So the fair use test recognizes that the mere fact that your work might have a negative impact on sales of the original work isn't by itself a reason to prevent you from doing it. What you should look for is whether what you're doing would possibly result in lost opportunities to create revenue by licensing derivative works. Not many creators would license anyone to create a parody.
Truth #2: Not everyone feels the same way about these issues. Different companies and IP owners have different attitudes toward people using their properties to make their own creations. And if you've got an IP owner who permits you to make your own creations then they have decided by definition that they will allow your work and so it doesn't matter what effect it has on the market.
Video game companies tend to be particularly permissive in this regard. Developers like Epic (Unreal Tournament) and Bethesda (Elder Scrolls) will distribute all of the tools necessary for you to create your own game levels and other in-game creations to modify their properties. Microsoft has gone so far as to create its own Game Content Usage Rules which allow very broad use of their properties to create downstream creations (full disclosure: when I was the lawyer for Microsoft Game Studios I wrote these).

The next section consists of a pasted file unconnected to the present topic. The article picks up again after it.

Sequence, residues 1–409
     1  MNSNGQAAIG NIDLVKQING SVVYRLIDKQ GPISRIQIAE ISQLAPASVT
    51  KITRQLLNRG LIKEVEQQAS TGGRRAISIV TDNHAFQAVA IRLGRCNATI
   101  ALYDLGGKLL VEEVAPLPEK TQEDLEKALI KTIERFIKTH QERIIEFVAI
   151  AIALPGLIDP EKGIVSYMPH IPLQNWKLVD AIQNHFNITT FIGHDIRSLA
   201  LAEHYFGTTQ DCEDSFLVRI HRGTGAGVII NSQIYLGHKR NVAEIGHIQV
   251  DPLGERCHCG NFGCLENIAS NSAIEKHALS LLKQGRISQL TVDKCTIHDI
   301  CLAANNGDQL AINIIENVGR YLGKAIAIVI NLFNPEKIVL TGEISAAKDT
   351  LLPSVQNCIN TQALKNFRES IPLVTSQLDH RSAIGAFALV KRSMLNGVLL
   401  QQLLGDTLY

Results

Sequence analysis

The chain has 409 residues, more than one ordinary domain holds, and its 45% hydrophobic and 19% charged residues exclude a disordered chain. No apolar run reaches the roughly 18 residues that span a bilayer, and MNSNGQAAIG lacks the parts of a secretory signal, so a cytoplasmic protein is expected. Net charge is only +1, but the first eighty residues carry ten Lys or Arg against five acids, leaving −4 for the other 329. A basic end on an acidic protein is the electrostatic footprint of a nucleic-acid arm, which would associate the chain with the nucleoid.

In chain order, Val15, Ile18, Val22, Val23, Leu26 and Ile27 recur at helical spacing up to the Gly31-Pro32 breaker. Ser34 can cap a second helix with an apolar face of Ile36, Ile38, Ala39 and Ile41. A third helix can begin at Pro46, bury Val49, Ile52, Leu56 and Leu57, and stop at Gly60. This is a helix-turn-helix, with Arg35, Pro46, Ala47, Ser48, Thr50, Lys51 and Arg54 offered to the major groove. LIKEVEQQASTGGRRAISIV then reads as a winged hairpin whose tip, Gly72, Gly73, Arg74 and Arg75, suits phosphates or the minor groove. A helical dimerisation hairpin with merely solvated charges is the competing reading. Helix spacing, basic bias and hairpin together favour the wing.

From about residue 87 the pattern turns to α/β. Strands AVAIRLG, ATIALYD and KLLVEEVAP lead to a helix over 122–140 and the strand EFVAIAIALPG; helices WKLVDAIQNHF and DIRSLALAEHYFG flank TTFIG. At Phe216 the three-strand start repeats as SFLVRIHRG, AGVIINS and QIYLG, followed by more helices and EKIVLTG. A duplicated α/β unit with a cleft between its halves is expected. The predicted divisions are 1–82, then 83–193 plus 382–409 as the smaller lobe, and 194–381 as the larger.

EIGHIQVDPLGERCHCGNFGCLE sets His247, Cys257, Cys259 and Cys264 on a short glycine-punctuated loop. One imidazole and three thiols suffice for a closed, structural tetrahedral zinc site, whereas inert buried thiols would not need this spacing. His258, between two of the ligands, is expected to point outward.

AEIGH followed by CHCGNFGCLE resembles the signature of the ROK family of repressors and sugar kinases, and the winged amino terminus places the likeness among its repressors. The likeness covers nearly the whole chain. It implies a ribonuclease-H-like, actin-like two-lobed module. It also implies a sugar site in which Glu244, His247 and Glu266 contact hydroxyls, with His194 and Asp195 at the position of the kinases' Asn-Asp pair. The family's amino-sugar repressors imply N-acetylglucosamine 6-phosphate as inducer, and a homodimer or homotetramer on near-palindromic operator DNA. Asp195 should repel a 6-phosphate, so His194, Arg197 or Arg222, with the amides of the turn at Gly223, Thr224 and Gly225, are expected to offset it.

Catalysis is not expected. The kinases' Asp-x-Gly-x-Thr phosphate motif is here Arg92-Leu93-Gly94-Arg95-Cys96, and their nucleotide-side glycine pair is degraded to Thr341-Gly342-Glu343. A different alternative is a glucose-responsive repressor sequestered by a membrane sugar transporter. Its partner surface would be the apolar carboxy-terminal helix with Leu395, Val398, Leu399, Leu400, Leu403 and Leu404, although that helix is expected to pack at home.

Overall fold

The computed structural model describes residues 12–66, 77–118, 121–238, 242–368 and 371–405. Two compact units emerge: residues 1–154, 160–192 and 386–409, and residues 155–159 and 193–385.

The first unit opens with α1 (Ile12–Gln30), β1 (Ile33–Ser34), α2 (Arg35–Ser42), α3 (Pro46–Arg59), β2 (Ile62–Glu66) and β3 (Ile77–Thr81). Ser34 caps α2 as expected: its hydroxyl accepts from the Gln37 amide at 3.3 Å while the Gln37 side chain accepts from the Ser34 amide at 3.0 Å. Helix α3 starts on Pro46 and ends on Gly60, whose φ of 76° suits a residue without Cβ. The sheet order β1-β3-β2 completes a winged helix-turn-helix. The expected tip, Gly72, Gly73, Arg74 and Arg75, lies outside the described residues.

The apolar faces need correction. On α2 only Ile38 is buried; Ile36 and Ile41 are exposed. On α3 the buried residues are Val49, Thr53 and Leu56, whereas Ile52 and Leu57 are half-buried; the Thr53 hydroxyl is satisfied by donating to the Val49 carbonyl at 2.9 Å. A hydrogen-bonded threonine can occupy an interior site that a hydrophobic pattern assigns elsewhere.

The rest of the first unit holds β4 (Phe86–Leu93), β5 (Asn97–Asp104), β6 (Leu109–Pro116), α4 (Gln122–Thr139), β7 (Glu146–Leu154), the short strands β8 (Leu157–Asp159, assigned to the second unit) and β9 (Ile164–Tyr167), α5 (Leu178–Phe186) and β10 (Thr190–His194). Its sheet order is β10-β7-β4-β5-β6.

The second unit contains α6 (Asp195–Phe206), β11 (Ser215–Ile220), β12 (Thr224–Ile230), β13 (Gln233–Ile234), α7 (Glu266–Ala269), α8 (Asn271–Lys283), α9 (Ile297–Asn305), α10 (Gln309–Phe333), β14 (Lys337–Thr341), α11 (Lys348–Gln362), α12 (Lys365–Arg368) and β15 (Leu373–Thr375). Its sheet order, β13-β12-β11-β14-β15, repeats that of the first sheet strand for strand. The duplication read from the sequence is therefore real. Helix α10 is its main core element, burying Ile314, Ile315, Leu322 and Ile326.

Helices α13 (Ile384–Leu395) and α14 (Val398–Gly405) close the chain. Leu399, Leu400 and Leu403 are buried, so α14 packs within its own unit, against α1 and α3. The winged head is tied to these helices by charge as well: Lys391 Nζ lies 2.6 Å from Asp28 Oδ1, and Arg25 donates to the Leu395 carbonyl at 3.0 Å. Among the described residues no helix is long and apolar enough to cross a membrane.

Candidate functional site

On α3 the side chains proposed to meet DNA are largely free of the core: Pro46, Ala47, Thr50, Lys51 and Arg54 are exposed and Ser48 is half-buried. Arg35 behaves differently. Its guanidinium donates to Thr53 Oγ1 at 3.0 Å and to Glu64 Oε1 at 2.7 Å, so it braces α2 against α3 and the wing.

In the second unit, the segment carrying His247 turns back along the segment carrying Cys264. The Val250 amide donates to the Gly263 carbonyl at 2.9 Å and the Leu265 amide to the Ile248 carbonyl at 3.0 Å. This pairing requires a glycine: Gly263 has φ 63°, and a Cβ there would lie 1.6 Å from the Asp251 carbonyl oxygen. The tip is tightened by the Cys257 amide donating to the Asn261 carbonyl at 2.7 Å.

With that, I'm done with the academic discussion of fair use. I'm sure it will come up repeatedly over the next few months as we go through various topics, but it seemed like a good idea to get the general principles set forth. Was it useful? Do people want to see more of these general info posts? Or should I be working it into more topical ones (which risks never discussing certain things if they don't come up for a while)?
Legal Minimum post on fan fiction:
Campbell v. Acuff-Rose Music:
Microsoft Game Content Usage Rules: